Others argue that an accountancy degree is enough qualification, if the finance professional adds to his experience with varied responsibilities in operations. “I got into banking, treasury, and financial transactions when I was doing my chartered accountancy training in London,” says Ravi Ramu, CFO at Mphasis, the Bangalore IT company. Ramu studied accounting in the UK and is a member of the Institute of Chartered Accountants in England and Wales. “I used to audit banks. You get to understand what happened in the transaction, things like risk management. I also learned what needed to go into the books.” Ramu speculates that one reason MBAs became CFO material in the US is because CPAs there are not required to undergo articleship before sitting for board exams — a requirement under the UK system.
Kris Chellam, CFO of California semiconductor company Xilinx, plumps for hard-earned experience, and choosing the right proving ground for it. “One learns more from experience and peers than any MBA program,” he says. The Malaysian-born chartered accountant was controller at Intel and CFO at Atmel before becoming senior vice-president for finance of Xilinx in 1998. The key is to sign up with high-profile companies with a reputation for good management and probity. “Intel provided me a great foundation for both skills development and management training,” says Chellam. “Most of all, the finance role required utmost integrity and professionalism. Any breach would have led to termination.”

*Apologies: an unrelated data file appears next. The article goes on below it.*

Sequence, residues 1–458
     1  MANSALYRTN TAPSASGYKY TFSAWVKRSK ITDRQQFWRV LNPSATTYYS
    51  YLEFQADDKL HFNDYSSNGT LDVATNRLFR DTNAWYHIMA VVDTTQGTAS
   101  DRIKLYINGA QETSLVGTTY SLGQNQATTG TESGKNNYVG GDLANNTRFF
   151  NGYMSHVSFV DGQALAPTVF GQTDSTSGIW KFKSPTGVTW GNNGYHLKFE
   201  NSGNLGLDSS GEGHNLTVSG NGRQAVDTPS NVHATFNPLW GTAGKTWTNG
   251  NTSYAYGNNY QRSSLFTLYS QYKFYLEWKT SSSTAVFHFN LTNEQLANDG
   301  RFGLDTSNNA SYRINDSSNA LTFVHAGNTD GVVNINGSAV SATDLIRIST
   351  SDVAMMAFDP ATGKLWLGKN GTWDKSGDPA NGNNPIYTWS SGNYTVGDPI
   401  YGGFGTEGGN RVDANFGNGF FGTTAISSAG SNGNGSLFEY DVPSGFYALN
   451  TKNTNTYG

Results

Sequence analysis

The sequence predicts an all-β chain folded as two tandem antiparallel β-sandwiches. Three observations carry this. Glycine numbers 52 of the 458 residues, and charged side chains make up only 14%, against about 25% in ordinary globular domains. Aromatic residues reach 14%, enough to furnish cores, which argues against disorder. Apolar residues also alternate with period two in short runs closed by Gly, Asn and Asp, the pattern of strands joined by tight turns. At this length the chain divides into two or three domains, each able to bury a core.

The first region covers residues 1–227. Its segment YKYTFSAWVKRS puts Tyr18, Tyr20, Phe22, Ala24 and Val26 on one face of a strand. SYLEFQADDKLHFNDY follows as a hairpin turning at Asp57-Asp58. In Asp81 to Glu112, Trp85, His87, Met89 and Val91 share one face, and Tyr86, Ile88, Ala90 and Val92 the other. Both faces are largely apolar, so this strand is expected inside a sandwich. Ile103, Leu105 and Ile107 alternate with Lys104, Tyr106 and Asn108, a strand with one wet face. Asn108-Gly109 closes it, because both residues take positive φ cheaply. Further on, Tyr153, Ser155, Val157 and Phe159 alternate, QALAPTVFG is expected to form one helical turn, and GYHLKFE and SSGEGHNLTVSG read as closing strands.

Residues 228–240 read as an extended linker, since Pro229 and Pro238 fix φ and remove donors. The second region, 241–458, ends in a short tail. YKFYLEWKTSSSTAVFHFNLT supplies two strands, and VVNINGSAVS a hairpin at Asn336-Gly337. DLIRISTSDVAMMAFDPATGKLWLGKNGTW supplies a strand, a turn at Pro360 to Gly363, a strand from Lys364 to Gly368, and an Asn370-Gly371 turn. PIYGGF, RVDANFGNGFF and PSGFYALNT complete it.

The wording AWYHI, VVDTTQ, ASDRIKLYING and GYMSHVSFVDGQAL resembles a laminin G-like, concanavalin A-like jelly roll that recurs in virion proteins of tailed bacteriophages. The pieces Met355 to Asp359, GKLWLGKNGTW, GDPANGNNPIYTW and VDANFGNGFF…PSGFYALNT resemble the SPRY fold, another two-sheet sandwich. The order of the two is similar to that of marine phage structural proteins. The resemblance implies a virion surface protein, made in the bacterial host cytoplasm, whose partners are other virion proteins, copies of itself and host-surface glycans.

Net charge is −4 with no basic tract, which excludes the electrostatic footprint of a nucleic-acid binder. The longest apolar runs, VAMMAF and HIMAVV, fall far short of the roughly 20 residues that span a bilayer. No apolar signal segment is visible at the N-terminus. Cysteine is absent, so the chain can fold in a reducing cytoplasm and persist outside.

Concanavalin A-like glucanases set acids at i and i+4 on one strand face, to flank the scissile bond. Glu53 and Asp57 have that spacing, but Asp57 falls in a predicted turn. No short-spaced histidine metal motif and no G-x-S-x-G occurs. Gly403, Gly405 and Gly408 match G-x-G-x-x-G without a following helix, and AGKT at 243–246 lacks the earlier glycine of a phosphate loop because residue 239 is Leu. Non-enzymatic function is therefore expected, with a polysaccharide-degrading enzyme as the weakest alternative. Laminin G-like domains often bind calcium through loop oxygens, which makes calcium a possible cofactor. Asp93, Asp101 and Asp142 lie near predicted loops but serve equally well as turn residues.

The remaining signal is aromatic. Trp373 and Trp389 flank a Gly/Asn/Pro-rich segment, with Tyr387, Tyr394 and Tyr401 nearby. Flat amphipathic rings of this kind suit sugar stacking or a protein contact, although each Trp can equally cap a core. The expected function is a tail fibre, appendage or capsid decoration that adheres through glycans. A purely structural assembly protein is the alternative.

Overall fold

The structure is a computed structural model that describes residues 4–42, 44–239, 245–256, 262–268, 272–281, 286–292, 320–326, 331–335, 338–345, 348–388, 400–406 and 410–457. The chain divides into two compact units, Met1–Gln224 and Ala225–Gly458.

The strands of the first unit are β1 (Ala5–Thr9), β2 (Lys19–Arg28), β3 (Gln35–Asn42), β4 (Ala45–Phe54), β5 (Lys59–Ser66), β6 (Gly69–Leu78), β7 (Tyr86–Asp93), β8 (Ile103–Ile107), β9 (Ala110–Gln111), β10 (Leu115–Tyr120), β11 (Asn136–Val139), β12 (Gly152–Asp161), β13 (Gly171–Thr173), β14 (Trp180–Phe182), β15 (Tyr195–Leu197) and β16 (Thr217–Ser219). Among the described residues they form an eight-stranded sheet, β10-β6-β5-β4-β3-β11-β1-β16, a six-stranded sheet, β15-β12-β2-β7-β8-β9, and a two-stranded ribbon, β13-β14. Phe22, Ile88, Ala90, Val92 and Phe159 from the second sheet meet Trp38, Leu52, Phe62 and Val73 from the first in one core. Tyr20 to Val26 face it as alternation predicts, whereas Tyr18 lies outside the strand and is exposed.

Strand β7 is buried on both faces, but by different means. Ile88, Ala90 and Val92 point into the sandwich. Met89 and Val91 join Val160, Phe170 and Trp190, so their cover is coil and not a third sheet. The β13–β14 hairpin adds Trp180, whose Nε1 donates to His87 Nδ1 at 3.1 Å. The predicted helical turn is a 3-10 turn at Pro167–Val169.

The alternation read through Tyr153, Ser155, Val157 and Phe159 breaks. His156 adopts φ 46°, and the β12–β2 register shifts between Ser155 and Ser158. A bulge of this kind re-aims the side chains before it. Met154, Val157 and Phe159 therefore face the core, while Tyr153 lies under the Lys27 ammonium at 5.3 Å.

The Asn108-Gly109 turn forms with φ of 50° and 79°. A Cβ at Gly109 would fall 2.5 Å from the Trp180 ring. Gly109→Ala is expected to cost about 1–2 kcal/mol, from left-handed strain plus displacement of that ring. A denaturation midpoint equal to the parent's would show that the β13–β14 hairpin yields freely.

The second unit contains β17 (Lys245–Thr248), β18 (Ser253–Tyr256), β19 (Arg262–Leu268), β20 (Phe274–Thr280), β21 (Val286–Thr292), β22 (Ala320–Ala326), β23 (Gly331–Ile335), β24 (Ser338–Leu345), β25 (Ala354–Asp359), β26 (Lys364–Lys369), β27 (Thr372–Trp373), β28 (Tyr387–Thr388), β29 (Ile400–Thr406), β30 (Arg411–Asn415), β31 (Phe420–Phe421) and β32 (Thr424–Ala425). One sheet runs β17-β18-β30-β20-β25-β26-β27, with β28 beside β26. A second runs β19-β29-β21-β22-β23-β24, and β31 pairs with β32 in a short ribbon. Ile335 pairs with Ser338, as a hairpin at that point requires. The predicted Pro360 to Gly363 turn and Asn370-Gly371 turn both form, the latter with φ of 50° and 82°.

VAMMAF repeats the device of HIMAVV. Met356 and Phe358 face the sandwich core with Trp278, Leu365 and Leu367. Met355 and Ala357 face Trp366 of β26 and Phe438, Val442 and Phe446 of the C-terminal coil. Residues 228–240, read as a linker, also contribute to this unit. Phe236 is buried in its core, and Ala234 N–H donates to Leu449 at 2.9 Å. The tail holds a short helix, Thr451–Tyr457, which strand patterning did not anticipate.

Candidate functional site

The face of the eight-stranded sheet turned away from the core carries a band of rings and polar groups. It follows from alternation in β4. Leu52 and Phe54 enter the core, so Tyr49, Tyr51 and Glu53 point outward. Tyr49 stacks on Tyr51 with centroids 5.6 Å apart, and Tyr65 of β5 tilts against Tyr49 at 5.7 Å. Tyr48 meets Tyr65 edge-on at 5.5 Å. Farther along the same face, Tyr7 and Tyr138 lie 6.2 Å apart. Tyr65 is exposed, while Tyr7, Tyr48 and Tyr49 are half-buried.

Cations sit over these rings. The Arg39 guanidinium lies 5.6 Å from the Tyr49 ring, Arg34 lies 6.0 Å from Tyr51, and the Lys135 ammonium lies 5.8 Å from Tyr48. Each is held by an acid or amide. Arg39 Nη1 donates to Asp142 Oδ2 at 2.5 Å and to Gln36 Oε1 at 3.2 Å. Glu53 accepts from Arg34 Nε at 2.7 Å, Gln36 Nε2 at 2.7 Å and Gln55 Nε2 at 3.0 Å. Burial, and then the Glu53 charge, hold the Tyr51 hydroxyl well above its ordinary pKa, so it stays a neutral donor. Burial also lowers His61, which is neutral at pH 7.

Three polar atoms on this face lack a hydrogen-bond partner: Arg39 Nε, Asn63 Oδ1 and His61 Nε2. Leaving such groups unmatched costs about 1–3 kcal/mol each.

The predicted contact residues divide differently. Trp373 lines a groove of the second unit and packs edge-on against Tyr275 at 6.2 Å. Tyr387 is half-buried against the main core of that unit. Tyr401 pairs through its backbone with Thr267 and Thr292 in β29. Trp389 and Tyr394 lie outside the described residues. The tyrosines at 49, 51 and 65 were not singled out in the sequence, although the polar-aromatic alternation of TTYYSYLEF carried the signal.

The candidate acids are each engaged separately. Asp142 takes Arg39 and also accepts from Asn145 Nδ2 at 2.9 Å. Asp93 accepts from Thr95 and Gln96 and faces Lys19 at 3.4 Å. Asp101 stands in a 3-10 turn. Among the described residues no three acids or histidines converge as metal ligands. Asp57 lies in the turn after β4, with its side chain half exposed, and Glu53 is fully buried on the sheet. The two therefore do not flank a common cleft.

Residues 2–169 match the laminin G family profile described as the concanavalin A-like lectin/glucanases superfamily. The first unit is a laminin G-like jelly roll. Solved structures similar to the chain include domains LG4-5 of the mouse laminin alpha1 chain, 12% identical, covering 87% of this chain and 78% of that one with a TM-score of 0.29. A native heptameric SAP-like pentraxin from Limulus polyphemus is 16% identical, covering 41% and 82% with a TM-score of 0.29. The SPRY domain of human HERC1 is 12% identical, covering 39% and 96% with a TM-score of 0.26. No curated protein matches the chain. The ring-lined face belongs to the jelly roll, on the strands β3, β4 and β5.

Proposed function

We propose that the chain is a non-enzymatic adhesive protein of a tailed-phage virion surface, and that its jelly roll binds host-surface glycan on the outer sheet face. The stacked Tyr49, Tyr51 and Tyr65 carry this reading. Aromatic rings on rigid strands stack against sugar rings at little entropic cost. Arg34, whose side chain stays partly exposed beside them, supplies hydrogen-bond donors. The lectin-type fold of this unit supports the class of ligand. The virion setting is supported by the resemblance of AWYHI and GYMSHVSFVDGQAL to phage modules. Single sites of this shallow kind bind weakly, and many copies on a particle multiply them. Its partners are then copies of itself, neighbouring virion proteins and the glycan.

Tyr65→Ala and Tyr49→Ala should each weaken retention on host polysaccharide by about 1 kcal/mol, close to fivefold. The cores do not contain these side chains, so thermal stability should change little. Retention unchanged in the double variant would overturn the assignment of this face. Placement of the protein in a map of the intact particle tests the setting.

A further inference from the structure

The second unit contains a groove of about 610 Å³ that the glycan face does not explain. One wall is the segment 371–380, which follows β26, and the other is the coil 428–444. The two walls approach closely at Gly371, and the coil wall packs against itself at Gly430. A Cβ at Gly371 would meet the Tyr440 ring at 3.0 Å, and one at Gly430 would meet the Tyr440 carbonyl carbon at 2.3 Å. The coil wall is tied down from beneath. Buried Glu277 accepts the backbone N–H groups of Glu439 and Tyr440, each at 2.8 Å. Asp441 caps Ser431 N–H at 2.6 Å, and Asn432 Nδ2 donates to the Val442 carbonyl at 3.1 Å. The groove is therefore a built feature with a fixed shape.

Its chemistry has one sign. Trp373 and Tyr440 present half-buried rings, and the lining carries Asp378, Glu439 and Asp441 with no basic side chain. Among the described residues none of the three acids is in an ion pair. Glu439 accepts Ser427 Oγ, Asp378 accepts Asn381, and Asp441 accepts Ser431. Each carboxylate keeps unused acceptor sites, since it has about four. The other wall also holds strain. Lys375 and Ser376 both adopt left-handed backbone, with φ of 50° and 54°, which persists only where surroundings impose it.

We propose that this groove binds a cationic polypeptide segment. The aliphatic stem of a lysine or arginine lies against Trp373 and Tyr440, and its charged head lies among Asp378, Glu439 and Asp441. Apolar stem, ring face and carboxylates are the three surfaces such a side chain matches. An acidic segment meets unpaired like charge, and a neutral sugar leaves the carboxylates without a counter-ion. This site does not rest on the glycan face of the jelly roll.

And some academics caution that the merits of ethics training under a CPA degree are overrated. “There is no doubt that there is a code of ethics that public accountants abide by,” says David Wilson, president and CEO of Washington-based Graduate Management Admission Council, the body that administers the GMAT test that is a requirement for admission in more than 1,700 business schools around the world. He adds: “But taking a course in ethics doesn’t make you ethical, anymore than staying in the garage makes you an automobile.”
Rakesh Nagpal doesn’t doubt his own integrity — and he still wants that MBA. It was two weeks before his 40th birthday when he spoke to CFO Asia. Naturally, the Singapore-based finance director of Avnet, an electronics firm, was thinking about the next step in his career. “Every CFO has to catch up with the changes in his industry,” he says. For Nagpal, who qualified as a chartered accountant in his native India, that means going back to school for an MBA degree. “It’s a logical step,” he says, “in positioning yourself to become a CEO.”
So what’s Nagpal to do? There’s no one opinion about the best way to strike the fine balance. Not surprisingly, business schools say an aspiring CFO could use a full-blown MBA and a current one will find value in an executive MBA. “The time spent on an MBA is the most efficient way of gathering a lifetime of learning that you would otherwise have to slowly and painfully acquire,” says Paul Grundy, a professor of finance at Melbourne Business School. An MBA, he says, “would not just give a broad exposure to many disciplines, but also give the future CFO deep exposure to valuation.”